A life of achievement and fulfillment is a lot of trouble and inconvenience.  Go to the trouble, and deal with the inconvenience, because it’s the quality of  your precious life that’s at stake.

Moving in the direction of your dreams can be complicated, challenging, risky  and tedious. Jump right in and do it anyway, because your real, authentic dreams  are worth it.

You must pay a substantial price to live true to your highest vision of life.  Yet that price is a bargain compared to the alternative of a life with meager  fulfillment.

Instead of avoiding the challenges and complaining about them, see those  challenges for what they are. They are pathways to valuable and meaningful  achievement.

It’s a lot of trouble to live with integrity and passion and purpose. And you  are very much worth the trouble.

A life that demands much of you is a life that offers the greatest richness.  For in meeting those demands, you immerse yourself in all that richness.

— Ralph Marston

The Daily Motivator

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Daily OM for August 4 – Translating Our Feelings

Translating Our Feelings

Are You Excited or Scared?

by Madisyn Taylor

Sometimes the feelings of being scared and excited can elicit the same physical response in our bodies.

When new challenges and opportunities show up in our lives, we may diagnose ourselves as feeling scared when what we really feel is excited. Often we have not been taught how to welcome the thrill of a new opportunity, and so we opt to back off, indulging our anxiety instead of awakening our courage. One way to inspire ourselves to embrace the opportunities that come our way is to look more deeply into our feelings and see that butterflies in our stomach or a rapidly beating heart are not necessarily a sign that we are afraid. Those very same feelings can be translated as excitement, curiosity, passion, and even love.

There is nothing wrong with being afraid as long as we do not let it stop us from doing the things that excite us. Most of us assume that brave people are fearless, but the truth is that they are simply more comfortable with fear because they face it on a regular basis. The more we do this, the more we feel excitement in the face of challenges rather than anxiety. The more we cultivate our ability to move forward instead of backing off, the more we trust ourselves to be able to handle the new opportunity, whether it’s a new job, an exciting move, or a relationship. When we feel our fear, we can remind ourselves that maybe we are actually just excited. We can assure ourselves that this opportunity has come our way because we are meant to take it.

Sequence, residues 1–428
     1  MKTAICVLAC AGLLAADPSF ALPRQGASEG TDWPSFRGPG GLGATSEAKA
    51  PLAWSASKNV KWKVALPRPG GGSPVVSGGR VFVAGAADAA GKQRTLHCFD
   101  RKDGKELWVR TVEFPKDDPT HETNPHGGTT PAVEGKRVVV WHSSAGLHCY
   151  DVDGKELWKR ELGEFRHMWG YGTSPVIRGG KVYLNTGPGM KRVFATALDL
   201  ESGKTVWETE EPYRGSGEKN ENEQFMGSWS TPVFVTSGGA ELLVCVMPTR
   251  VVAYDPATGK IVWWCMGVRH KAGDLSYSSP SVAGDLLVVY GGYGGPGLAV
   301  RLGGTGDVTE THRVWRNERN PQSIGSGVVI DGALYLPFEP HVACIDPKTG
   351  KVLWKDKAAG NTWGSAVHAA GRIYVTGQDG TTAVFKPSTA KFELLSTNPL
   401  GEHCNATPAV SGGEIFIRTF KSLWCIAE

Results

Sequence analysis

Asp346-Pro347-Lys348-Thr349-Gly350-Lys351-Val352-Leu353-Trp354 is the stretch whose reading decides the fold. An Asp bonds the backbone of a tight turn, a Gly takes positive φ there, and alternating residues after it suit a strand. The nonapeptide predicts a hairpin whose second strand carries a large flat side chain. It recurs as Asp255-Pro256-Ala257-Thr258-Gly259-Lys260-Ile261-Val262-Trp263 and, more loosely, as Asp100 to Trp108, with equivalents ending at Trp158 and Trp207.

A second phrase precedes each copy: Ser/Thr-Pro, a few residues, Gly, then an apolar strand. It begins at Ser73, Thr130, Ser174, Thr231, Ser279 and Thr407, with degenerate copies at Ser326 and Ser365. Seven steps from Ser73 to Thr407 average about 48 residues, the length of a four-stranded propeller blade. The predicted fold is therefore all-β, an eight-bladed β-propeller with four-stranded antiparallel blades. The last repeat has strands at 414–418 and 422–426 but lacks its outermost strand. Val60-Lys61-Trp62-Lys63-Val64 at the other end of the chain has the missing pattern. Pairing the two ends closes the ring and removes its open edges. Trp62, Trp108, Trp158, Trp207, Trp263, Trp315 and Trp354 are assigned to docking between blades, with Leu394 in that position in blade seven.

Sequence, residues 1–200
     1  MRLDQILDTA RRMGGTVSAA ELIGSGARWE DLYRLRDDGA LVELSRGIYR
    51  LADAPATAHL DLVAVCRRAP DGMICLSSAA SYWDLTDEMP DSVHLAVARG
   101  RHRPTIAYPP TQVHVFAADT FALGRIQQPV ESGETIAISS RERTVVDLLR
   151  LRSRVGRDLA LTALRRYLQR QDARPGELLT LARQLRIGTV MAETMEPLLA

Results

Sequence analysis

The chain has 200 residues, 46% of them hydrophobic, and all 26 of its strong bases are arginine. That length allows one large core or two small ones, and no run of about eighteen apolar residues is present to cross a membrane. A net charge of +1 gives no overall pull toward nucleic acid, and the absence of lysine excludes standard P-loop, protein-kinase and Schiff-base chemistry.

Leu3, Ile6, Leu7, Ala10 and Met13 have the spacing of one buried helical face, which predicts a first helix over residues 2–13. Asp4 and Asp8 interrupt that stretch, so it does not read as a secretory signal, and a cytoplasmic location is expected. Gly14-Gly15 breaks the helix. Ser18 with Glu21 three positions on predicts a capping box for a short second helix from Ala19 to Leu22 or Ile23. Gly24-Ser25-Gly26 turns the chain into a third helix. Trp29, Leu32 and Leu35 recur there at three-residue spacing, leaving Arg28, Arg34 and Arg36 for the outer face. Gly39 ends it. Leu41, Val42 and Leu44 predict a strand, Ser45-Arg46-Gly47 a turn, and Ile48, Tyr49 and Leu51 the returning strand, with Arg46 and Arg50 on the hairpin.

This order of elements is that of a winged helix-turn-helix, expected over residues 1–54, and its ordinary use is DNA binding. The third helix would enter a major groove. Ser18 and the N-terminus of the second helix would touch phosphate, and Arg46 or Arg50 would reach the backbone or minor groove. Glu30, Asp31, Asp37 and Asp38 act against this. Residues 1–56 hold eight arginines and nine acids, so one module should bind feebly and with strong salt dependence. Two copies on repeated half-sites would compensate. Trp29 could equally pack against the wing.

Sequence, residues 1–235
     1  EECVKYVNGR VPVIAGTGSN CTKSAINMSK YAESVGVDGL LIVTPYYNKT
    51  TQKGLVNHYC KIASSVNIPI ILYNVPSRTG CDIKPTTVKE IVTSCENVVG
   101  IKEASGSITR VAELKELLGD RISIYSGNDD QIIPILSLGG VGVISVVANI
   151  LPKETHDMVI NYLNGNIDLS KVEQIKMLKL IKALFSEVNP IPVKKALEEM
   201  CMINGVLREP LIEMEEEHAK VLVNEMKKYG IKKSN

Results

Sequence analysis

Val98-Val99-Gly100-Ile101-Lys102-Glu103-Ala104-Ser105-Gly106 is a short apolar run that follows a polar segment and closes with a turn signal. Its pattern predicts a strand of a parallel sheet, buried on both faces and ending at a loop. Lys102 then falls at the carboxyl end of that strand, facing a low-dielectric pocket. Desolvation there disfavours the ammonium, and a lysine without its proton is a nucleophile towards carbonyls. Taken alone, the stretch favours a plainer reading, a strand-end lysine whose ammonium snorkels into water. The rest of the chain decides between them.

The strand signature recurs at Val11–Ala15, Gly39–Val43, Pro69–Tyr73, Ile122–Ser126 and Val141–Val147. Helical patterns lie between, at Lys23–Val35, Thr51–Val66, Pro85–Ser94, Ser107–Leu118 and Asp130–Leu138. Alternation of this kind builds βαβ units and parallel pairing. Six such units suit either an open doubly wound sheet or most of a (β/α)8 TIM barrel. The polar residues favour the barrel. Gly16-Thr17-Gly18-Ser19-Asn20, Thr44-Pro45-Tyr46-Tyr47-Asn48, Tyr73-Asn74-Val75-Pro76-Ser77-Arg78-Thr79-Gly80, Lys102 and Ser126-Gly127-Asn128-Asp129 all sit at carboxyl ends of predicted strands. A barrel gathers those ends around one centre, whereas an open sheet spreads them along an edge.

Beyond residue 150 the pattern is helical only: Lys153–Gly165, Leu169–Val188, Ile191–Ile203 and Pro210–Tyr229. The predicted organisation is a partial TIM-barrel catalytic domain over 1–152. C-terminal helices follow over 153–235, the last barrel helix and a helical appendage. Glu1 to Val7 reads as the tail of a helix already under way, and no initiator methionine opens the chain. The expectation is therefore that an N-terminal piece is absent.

Framing things just a little differently can dramatically shift our mental state from one of resistance to one of openness. We can practice this new way of seeing things by saying aloud: I am really excited about this job interview. I am really looking forward to going on a date with this amazing person. I am excited to have the opportunity to do something I have never done before. As we do this, we will feel our energy shift from fear, which paralyzes, to excitement, which empowers us to direct all that energy in the service of moving forward, growing, and learning.

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Thousands to be tested for hepatitis C in New Hampshire

Thousands to be tested for hepatitis C in New Hampshire

BOSTON (Reuters) – Thousands of former patients at a New Hampshire hospital have been given permission to be tested to discover whether they were infected with the hepatitis C virus by a medical technician charged with stealing drugs and contaminating needles.

The New Hampshire Department of Health and Human Services on Friday announced plans for testing about 3,300 former patients of Exeter Hospital who may have been infected.

Any patient treated in the hospital’s main operating rooms or intensive care unit between April 1, 2011 and May 25, 2012 may be at risk of infection.

David Matthew Kwiatkowski, a carrier of hepatitis C and an itinerant medical technician who worked at hospitals in several states, was charged with federal drug crimes in July for his actions in New Hampshire.

Authorities said the Michigan native stole syringes filled with the painkiller Fentanyl and injected himself with them. He then refilled the needles with saline, leaving the syringes for the hospital to re-use on patients.

Kwiatkowski worked in a lab at Exeter Hospital for more than a year. His charges carry sentences of up to 24 years in prison.

Tests scheduled for late July were delayed by concerns over the safety, health and privacy of those being tested. More than half the patients were 50 years or older